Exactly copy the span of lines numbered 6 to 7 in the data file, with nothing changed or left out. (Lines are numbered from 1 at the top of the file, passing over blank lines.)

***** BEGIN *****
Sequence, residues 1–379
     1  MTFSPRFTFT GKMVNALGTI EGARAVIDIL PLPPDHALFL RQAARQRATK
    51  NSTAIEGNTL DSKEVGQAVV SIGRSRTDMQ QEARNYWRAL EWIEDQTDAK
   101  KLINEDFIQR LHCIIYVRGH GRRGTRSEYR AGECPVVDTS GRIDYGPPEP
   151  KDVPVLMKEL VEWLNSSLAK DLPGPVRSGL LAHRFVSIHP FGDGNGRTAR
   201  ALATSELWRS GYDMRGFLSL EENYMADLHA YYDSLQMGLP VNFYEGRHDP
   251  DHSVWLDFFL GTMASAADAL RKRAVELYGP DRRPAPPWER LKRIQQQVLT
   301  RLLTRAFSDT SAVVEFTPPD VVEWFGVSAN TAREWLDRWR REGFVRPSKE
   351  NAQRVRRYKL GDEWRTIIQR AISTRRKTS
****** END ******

   201  ALATSELWRS GYDMRGFLSL EENYMADLHA YYDSLQMGLP VNFYEGRHDP
   251  DHSVWLDFFL GTMASAADAL RKRAVELYGP DRRPAPPWER LKRIQQQVLT